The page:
When did you purchase it and what was the sale price?
We bought it in 1996 for around six-figures. The price was low and we got a straight bank loan.
What kind of condition was the lodge in?
Structurally, it was in fine shape, but the restoration was a lot more complex that we initially thought. We expected just to do a clean up. The problems started that first winter, which had one of the worst snowfalls on record. The summer of 1997 was spent rebuilding the roofs. There were also huge problems with water runoff and the whole place needed an electrical upgrade because it was the same system that was put in sometime between 1913 and 1920. It needed all new electricity and plumbing. I estimate we put in $2 million.
Did you and Andy ever get into the mindset that the restoration wasn't going to work out?
Our mindset was that we've dumped a hell of a lot of money into the place and we have to get it done.
Was there a lot of old stuff that you hauled out of the Belton?
Tons. It was floor to ceiling in every room. I don't think anybody threw anything out. We made hundreds of trips to the industrial landfill. There was 60 years worth of stuff, everything from the oak antiques you see in the rooms today, to a really great pair of leather fringed rock-and-roll pants from the 1970s. There were scrapbooks, lithographs, paintings and receipt books -- all kinds of historical items that we display in the hotel. Cleaning out the Belton took an entire year.
What else went into getting it ready for the public?
We restored old furniture, built stained-glass windows, repaired the floor, excavated and reconstructed the stone pillars out front. It was an enormous process, so we opened the Belton in phases. The restaurant opened first. We served microwavable nachos. As far as lodging, we had a brief trial run in 1998. By 1999, it wasn't completely finished, but we were open to the public.
Was it a big deal locally when it reopened?
Yes. People in the community were always coming around, very interested in our efforts. It's been an important landmark here forever. It's been incredible. Most of our employees are people who live in the area and we have a low turnover rate.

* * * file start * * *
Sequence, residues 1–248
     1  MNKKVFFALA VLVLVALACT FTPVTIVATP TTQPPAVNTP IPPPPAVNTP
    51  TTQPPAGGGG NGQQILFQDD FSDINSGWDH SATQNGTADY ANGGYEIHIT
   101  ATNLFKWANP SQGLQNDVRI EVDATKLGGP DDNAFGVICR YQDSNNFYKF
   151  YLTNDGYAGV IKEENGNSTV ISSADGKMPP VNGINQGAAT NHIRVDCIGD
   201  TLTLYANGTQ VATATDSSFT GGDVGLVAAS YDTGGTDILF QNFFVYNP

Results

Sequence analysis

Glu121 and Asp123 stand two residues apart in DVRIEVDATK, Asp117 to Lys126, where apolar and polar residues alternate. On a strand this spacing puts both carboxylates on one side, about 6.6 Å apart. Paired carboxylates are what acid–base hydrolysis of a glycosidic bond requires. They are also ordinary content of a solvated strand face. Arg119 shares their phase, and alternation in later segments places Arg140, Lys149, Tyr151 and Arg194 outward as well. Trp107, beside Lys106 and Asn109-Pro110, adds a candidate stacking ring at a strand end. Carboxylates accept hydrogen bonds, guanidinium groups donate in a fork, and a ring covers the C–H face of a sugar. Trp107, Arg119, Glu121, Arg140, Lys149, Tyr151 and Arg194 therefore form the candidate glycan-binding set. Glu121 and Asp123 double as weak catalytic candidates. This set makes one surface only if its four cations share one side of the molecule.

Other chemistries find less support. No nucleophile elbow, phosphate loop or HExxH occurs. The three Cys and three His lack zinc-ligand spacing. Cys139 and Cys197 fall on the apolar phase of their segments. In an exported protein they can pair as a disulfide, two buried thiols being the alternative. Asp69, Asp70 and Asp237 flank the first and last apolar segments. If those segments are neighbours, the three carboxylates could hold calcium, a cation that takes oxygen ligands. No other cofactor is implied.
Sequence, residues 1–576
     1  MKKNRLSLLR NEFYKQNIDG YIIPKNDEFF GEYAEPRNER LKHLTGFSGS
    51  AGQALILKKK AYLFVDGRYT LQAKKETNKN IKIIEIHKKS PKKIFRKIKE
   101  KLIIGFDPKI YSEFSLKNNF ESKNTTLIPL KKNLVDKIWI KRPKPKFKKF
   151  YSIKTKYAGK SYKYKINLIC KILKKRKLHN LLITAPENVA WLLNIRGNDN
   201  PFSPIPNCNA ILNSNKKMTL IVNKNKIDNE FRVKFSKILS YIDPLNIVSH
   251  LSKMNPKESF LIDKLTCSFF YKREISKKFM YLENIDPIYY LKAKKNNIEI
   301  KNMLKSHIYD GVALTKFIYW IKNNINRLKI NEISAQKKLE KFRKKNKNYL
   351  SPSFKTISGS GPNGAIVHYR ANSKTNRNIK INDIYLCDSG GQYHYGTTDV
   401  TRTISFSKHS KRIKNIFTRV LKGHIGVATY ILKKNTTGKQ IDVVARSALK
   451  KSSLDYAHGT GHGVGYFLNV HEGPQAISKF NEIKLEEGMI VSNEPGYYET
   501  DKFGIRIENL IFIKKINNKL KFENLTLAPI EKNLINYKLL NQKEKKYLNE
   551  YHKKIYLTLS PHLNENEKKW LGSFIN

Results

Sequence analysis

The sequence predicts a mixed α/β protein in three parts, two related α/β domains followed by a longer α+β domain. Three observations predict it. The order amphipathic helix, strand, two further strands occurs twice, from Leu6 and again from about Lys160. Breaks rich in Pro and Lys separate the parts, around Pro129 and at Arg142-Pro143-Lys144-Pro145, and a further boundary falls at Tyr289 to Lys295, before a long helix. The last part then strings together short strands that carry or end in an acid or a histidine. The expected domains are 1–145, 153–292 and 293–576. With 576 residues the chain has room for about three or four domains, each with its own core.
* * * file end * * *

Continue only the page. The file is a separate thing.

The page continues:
When did you feel you reached the point where the Belton became what you envisioned?
I'd say about five years ago. Our people are loyal and stuck with our vision of what the Belton could be.
How have you been affected by the recession?
We all felt it the last couple of years, but this summer is looking a lot better. The centennial has energized people to come visit Glacier. Business is booming. We still have a few open rooms, but I don't think they are going to last long.
Does the Belton have a typical guest?
We get all kinds. We have outdoor lovers, hikers, skiers, bicyclists and fishermen. We also get train enthusiasts and those who just want to hang out on the porch. I'd also say 75 percent of people come for the restaurant, whether they're guests or not. We host a lot of weddings and once people come, they're hooked. We get plenty of repeat visitors. After Labor Day, we generally see a lot more retirees. The cottages and the restaurant are open in the winter. That's all locals, and it's a lot more laid-back. The weather can be brutal, snow removal is a major issue, but a lot of people like to just put their feet up and sit in front of the fireplace.